The Vibrator Play at Long Beach Playhouse

Photo by Mike Hardy Stephanie Schulz as Annie, Sophie Mura as Mrs. Daldry and Don Schlossman as Dr. Givings in the Long Beach Playhouse’s production of In the Next Room, or The Vibrator Play

Photo by Mike Hardy
Stephanie Schulz as Annie, Sophie Mura as Mrs. Daldry and Don Schlossman as Dr. Givings in the Long Beach Playhouse’s production of In the Next Room, or The Vibrator Play

Heidi Nye
Culture Writer

A dead baby, a mourning mother, two dead marriages, hints of adultery and shifts in sexual orientation sound like the stuff of heavy drama. Yet In the Next Room, or The Vibrator Play, at the Long Beach Playhouse is as much about hilarity as it is about anguish.
The “operating theatre” of gynecologist Dr. Givings (Don Schlossman) and the adjoining parlor in which his wife, Catherine (Kate Woodruff), holds sway is the venue for this 2010 Pulitzer Prize finalist. Set at the turn of the century, the play smartly directed by Robert Craig begins with Catherine chattering away at her newborn, who may just say more to her than her husband. He is fascinated by electricity, attending evening lectures at which dogs are electrocuted to determine if AC or DC is more effective. (This was long before PETA.)
Dr. Givings treats “hysterical” patients (read: sexually frustrated females) in his home office with his able and repressed assistant, Annie (Stephanie Schulz), and what appears to be a cross between an electric sander and a hair dryer (ouch!). He explains the “science” to new patient Mrs. Daldry (Sophie Mura) and her stuffy but looking-to-be-corrupted husband (Bob Fetes): “…if we can release some of that congestion and invite the juices downward, your health will be restored.”
The good doctor boasts that, previous to this device, inducing patients “demanded quite a lot of skill and patience….but thanks to this new electrical instrument, we shall be done in a matter of minutes.” Why do what a finger has done for millennia when a gadget is more efficient and totally hands off? Those now-shelved skills were obviously never used on his wife, who is shocked to discover from Elizabeth, the, ahem, wet nurse (Liliana Carrillo), that what Catherine experienced with the vibrator is what Elizabeth is accustomed to enjoying on a regular basis with her husband.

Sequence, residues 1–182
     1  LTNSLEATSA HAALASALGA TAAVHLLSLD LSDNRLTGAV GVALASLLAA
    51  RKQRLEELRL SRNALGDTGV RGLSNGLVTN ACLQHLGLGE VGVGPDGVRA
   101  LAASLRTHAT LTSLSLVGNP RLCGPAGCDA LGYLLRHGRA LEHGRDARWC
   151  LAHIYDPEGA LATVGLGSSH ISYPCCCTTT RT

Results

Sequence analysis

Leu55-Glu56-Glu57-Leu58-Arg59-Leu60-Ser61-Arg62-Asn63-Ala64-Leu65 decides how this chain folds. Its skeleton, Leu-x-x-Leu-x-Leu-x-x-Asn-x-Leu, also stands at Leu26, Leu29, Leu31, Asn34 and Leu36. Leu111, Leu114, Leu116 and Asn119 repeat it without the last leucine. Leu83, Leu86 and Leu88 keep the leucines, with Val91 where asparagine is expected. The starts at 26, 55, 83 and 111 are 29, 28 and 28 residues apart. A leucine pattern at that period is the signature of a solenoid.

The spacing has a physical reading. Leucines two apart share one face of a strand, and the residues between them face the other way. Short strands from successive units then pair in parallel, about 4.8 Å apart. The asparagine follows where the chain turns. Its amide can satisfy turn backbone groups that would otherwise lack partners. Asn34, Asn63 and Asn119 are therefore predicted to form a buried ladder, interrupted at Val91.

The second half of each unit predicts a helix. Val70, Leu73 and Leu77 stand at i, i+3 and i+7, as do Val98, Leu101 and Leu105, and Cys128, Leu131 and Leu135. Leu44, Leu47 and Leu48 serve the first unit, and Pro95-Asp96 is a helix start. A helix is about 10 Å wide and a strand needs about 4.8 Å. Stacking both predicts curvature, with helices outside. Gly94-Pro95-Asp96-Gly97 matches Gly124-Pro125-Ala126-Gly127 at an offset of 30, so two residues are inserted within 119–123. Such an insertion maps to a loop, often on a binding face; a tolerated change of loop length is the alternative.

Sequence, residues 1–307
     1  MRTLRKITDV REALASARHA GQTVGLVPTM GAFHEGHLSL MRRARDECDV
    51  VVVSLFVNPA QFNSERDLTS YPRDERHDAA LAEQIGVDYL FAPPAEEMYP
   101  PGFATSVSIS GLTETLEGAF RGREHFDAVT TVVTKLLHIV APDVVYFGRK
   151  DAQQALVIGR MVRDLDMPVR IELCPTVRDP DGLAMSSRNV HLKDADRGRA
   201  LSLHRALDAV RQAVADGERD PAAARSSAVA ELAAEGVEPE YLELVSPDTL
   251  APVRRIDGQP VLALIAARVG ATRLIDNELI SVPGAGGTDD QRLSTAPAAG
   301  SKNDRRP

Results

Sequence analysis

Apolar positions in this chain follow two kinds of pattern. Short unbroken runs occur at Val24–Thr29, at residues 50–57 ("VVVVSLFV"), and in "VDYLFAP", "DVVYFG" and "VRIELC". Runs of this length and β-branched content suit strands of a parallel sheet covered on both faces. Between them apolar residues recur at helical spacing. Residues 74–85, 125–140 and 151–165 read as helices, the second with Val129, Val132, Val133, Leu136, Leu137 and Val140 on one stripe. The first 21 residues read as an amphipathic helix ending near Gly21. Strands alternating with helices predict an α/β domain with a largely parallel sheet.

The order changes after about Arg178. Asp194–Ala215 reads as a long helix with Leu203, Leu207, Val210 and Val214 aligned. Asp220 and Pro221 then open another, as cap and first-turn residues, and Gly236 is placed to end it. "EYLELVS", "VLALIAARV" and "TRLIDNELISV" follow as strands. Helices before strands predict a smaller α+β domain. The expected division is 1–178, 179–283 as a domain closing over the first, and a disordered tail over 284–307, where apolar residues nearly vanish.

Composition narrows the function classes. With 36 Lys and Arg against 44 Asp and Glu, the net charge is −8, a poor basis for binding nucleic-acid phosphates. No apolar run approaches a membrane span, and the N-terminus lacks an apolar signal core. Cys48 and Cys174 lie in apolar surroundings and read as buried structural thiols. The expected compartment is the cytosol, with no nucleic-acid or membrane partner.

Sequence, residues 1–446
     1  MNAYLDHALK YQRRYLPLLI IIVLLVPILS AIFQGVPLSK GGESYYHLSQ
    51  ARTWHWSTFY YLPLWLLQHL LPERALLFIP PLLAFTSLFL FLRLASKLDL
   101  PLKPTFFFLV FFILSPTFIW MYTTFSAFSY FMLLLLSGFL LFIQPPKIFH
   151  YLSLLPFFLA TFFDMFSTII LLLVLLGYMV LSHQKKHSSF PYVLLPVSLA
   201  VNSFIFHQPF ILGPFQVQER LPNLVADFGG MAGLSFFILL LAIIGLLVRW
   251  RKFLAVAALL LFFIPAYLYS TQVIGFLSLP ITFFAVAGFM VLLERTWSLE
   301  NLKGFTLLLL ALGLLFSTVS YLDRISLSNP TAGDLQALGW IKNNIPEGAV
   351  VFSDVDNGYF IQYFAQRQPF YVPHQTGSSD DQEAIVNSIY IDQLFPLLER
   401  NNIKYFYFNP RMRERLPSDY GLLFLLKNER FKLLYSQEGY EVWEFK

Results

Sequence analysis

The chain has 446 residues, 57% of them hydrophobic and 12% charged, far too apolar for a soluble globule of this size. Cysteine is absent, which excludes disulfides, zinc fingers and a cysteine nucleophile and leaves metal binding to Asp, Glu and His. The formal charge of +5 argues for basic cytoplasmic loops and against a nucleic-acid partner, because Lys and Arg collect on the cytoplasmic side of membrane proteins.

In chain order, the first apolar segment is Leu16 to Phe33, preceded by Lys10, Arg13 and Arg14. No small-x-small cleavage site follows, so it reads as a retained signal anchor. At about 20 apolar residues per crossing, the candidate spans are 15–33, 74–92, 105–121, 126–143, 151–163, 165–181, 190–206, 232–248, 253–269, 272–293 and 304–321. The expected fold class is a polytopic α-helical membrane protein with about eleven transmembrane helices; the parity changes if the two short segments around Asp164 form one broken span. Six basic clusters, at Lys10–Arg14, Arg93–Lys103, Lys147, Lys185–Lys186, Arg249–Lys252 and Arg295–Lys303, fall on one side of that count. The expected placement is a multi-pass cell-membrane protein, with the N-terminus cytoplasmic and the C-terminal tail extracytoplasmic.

Though all action takes place under ample sheets, there is absolutely no mystery as to what’s transpiring when Mrs. Daldry and eventually Catherine achieve what Dr. Givings terms a “paroxysm.” In perhaps the most giddy and delightful scene, the two women sneak into the exam room because, as Catherine puts it, “Women are capable of pushing a button for themselves.” What ensues is akin to a slumber party, only without the nail-painting.
The juxtaposition between burdensome layers of sumptuous fabric that comprise the ladies’ dresses and the ease with which Dr. Givings’ patients disrobe is one of many striking contrasts that pepper the play. The play’s title itself is such a juxtaposition: enigmatic and poetic head followed by nothing-left-to-the-imagination subhead. After things get rolling, so much sexual energy is uncorked that any character might be entertaining a tryst with any other, newborn aside please.
Ironically, the zealous Dr. Givings, who appears devoid of even a drop of libido, save what was necessary to father a child, is most in need of his “treatment.” He remarks to his only male patient, an artist played by Scott T. Fin, “What men do not see because their intellect gets in the way could fill many books.” Books, of course, are the stuff of the intellect.